Clash over proposed Farmingdale skating ban
More than 50 skaters -- some in suits and others sporting baggy shorts, tattoos and piercings -- lined the Farmingdale Village boardroom.
Narrowly outnumbering their nonskating neighbors on Monday night, they wanted to know why village elders are considering a skating ban on two steep village streets that have been a thrill center for generations of residents.
And they had some seniors on their side.
"They've been using that hill since the '20s for skating, sleds and wagons, and all of a sudden -- after 85 years -- we're going to outlaw it?" asked Nick Ezzo, 89.
Farmingdale trustees postponed a vote on the proposed skating ban, but not before Monday's public hearing grew into an hours-long debate over individual rights, public safety and government oversight.
A bill introduced last month would ban skating on Fairview Road and Yoakum Street, where for years skaters have used the 120-foot drop from Lenox Hill, the village's highest point, to reach speeds of 40 mph, according to Mayor Ralph Ekstrand. He said during the summer that it was "only a matter of time" before someone was hurt.
The bill would mandate $100 fines for violators, with enforcement by Nassau County police.
While the bill refers to children, some of the skaters who testified Monday were men in their 20s and 30s with jobs and children. "Next year, are you guys going to say, 'Should we ban it in all of Farmingdale?' " asked a skater who said he is a single father from Massapequa. "Next year, maybe five years from now, are you guys going to say I can't even skate?"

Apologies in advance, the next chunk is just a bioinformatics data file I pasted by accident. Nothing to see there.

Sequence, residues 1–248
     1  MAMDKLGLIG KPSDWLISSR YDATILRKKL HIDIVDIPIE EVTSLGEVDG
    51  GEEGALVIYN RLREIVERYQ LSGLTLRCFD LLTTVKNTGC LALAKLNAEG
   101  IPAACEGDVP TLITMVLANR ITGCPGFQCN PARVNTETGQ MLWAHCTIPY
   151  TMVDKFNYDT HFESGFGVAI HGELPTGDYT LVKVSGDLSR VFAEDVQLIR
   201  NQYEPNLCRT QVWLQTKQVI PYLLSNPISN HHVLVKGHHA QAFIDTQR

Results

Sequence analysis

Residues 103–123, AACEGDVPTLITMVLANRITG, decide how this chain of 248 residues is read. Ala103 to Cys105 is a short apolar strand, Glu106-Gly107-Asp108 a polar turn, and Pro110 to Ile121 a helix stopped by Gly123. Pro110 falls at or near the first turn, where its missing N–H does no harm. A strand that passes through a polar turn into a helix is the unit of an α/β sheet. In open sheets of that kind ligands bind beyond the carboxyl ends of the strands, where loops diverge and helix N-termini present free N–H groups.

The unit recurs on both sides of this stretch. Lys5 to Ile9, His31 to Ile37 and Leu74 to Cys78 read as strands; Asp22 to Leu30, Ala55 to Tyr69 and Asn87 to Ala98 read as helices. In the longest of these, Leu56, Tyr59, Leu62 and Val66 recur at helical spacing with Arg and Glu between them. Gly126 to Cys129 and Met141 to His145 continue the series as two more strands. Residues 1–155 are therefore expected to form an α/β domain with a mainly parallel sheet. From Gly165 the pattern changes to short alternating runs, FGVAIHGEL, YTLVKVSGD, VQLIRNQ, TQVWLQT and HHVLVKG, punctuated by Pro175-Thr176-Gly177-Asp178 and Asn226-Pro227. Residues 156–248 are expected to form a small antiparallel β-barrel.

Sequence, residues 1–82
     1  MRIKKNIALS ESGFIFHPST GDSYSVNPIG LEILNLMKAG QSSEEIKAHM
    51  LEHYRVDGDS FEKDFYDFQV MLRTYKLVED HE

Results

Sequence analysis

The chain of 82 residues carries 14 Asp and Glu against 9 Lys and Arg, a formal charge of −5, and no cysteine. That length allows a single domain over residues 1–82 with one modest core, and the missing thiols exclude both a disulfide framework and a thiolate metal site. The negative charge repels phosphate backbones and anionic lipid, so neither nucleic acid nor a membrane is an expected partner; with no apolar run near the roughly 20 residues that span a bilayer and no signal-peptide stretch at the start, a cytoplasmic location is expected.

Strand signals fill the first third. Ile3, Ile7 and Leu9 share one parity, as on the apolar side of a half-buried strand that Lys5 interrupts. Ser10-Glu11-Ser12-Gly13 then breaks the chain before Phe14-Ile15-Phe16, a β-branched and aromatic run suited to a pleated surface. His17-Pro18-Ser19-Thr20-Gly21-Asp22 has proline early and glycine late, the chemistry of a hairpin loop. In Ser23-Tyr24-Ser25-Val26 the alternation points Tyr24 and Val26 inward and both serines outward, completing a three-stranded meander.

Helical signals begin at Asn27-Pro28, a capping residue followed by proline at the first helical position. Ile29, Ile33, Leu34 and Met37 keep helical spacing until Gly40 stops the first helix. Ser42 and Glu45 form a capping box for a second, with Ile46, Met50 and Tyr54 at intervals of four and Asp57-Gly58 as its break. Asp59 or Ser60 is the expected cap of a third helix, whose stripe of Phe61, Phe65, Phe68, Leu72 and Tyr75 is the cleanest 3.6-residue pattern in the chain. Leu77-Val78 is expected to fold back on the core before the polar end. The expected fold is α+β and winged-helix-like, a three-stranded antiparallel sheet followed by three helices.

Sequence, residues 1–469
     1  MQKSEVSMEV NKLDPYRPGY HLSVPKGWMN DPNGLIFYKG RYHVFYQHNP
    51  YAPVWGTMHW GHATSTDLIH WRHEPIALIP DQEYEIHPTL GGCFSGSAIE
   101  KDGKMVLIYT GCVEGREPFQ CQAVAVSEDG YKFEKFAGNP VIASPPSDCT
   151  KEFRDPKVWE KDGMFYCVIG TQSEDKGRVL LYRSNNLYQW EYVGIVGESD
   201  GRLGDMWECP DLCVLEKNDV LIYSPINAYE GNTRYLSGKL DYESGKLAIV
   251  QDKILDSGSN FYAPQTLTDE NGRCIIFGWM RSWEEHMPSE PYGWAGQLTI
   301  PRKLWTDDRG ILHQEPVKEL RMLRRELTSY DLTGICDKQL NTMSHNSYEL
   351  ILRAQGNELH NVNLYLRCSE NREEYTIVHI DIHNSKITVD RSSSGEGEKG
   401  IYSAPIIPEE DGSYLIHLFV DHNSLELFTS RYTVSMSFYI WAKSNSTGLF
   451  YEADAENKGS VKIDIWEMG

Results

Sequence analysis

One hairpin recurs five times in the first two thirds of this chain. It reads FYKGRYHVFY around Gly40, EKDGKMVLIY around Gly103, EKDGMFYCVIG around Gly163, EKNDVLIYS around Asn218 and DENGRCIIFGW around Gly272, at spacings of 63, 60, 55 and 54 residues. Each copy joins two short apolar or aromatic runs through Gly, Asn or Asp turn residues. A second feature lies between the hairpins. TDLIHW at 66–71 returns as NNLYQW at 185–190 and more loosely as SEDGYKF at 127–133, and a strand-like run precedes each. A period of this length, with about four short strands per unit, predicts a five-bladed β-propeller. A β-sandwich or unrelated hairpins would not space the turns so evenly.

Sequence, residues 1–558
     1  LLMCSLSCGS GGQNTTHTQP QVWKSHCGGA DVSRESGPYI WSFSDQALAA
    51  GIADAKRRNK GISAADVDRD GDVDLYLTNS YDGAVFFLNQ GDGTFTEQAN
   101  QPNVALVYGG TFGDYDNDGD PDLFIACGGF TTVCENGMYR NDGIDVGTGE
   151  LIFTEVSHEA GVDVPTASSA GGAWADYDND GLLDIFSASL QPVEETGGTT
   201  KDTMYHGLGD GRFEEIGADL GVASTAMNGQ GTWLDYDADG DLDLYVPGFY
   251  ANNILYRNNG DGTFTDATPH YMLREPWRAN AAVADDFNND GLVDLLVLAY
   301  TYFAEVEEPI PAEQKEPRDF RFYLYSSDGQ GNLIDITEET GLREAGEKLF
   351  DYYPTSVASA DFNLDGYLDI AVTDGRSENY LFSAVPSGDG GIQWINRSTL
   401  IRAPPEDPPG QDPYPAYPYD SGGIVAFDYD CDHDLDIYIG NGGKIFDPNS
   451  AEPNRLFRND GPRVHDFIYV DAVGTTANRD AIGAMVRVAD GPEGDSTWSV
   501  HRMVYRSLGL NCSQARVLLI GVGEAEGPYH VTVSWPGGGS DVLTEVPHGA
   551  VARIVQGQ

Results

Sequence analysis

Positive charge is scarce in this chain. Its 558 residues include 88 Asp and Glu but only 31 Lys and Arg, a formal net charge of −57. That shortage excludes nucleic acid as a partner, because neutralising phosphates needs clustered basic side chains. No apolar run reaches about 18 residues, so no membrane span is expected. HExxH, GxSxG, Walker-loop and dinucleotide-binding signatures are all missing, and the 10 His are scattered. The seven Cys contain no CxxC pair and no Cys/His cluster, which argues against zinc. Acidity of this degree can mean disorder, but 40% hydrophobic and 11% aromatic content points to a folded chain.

The skaters said they wear helmets and pads on the street and worked out a system to warn each other about approaching cars via cellphone.
But Joe Diurno, who lives on Fairview Road, spoke of the daily terror of pulling out of his driveway: "The worst nightmare in the world is for me to hit a kid coming down that hill. The law should protect me, and it should protect that kid from doing that."
Farmingdale banned skating in neighborhood "pocket parks" about two years ago, over concerns that skate wheels were damaging flagstone and brick.
Ekstrand said in an interview Tuesday that he came into the meeting prepared to pass the ban, but changed his mind. "The reason is, I heard from the other side, from the kids."
When, at the end of the meeting, he asked delegations of skaters and skating opponents to meet at village hall Oct. 22 to find a solution that would leave "safety addressed and fun not severely limited," the crowd applauded.